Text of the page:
OSAKA • Britain is looking at ways to replicate the trade deals that the European Union has with countries outside the bloc when it exits the EU in March 2019, Prime Minister Theresa May said yesterday.
The freedom to strike new trade deals independently of the EU has been highlighted by the government as a major benefit of Brexit.
But businesses have repeatedly voiced concern about how existing trade relationships will work after Britain has left the bloc.
"There's obviously a number of trade deals that the EU has with other countries, and we are looking at the possibility of those being able to be brought over into, certainly initially, trade deals with the United Kingdom," she told reporters. "I think we will give businesses certainty, which is what business wants at the point at which we leave."
She also said Britain would later be able to change the terms of such trade deals. "Once we're outside the European Union, even if we start on the basis of an existing trade deal that a country has with the EU, it will be up to the United Kingdom and that country if we wish to renegotiate and change those terms in the future."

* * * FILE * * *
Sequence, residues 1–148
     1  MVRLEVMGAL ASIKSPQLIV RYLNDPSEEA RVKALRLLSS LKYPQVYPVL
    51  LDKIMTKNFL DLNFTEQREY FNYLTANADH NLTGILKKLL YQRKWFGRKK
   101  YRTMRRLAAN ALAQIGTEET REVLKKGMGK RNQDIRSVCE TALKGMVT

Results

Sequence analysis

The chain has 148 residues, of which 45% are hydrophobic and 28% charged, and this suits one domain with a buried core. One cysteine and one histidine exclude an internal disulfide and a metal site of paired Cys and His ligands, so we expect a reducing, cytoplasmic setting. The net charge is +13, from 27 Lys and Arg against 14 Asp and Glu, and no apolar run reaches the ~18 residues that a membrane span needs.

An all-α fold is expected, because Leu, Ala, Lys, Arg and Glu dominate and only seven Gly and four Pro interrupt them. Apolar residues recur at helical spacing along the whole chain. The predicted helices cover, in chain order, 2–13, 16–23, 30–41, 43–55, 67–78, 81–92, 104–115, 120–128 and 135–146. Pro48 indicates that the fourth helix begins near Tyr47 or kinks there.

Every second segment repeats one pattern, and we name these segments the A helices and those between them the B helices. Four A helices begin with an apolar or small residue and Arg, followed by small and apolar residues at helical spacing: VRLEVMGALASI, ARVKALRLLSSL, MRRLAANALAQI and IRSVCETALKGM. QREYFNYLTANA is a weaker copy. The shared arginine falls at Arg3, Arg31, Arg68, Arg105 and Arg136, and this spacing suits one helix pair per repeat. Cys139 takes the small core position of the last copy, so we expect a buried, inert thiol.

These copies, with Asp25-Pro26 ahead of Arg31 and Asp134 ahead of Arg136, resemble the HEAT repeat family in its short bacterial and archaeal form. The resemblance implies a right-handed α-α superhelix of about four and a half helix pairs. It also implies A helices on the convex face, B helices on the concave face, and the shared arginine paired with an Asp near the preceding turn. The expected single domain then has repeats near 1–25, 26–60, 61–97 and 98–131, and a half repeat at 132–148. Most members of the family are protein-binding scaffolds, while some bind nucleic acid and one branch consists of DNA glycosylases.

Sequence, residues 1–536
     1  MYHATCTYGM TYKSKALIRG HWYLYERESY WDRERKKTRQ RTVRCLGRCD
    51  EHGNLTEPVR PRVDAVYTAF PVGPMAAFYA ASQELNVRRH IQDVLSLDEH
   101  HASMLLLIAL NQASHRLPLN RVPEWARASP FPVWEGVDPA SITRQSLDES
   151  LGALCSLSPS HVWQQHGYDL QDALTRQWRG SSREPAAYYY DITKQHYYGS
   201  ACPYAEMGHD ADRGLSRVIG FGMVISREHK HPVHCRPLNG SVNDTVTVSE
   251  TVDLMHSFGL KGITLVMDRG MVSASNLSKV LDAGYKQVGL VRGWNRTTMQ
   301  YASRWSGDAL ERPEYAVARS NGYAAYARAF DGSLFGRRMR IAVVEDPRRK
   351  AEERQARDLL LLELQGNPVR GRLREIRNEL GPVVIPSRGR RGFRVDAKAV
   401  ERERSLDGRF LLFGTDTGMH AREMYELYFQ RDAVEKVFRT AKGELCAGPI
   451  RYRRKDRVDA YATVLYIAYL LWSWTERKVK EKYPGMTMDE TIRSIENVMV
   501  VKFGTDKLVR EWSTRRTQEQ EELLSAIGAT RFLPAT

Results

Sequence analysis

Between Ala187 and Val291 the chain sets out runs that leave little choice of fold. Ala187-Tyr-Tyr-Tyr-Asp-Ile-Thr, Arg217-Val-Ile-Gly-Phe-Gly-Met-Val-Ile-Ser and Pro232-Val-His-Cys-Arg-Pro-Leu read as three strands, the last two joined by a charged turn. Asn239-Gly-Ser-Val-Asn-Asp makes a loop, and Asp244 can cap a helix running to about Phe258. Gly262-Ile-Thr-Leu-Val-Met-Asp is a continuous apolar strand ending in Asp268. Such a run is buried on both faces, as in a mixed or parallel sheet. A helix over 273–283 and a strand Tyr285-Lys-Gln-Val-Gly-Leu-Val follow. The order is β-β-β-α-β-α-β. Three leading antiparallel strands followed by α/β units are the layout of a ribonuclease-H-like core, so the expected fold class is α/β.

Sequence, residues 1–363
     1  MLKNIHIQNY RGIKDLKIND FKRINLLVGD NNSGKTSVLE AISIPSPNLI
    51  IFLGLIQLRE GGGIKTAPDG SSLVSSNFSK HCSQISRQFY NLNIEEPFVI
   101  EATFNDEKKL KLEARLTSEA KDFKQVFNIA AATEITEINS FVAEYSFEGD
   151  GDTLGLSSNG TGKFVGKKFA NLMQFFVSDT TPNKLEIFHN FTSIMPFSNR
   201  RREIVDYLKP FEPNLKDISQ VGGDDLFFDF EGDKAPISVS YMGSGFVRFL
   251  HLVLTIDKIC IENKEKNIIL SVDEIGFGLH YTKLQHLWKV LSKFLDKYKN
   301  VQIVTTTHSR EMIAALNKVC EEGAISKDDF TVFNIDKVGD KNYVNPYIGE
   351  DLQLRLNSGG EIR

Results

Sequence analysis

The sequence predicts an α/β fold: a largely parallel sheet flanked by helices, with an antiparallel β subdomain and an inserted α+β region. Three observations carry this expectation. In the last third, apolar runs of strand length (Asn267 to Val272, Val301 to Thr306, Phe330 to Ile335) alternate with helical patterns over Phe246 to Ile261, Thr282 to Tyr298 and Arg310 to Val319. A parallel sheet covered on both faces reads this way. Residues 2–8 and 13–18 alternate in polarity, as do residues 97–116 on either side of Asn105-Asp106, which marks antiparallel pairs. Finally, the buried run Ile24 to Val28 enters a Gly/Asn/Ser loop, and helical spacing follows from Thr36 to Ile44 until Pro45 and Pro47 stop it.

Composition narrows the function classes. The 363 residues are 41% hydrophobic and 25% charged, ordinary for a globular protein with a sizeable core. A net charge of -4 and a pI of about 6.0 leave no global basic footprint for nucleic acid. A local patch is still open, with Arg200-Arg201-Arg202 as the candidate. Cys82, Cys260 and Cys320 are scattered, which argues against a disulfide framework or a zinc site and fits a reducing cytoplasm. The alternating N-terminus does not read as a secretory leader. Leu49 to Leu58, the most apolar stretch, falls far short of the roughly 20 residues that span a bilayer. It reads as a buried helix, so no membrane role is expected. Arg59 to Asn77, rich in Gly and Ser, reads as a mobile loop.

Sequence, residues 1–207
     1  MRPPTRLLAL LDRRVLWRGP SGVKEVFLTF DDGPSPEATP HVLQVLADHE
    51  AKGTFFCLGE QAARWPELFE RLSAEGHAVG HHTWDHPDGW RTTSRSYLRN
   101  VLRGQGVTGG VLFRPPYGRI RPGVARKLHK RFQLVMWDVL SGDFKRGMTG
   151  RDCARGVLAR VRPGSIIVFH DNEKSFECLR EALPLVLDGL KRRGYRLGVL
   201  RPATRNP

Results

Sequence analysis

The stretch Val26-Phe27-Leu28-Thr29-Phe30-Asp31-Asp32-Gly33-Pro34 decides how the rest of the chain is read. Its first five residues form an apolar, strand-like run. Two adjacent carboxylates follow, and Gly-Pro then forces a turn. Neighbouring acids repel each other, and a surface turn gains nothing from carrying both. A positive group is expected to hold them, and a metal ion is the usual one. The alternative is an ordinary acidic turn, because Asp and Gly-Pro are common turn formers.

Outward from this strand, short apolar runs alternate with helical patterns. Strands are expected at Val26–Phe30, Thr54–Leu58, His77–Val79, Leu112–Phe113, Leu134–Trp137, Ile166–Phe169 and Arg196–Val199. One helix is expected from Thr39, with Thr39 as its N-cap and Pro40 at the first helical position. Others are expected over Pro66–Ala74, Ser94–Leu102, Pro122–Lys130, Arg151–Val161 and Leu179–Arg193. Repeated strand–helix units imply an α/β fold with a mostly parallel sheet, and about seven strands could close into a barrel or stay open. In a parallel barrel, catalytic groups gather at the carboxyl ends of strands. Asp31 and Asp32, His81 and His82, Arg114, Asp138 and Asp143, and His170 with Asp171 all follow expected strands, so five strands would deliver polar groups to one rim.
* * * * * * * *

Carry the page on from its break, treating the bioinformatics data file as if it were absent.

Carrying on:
The EU has trade deals with external countries like Switzerland and South Korea, and is currently finalising its own deal with Japan.
Mrs May is also expected to focus on pushing forward with plans for a Britain-Japan free trade agreement.
But analysts said there would not likely be much progress until Japan and the EU wrap up a nearly finalised trade deal, and details of Brexit are worked out.
"You cannot start official talks about such an idea until Britain leaves the EU," said Mr Osamu Tanaka, a senior economist at Daiichi Life Research Institute.
Mrs May's three-day trip to Japan started yesterday in Osaka, where she met Toyota chairman Takeshi Uchiyamada.
She then moved on to Kyoto, Japan's ancient capital, where she held unofficial talks with Japanese Prime Minister Shinzo Abe over dinner. The two leaders will hold a summit today in Tokyo.
Prior to the summit, Mrs May is scheduled to visit a Maritime Self-Defence Force base in Yokosuka, near Tokyo.
The two leaders will also be discussing issues tied to global terrorism and regional security, after North Korea sharply escalated regional tensions by launching a ballistic missile over Japan on Tuesday. She is also meeting Emperor Akihito tomorrow before wrapping up her trip.
AGENCE FRANCE-PRESSE, REUTERS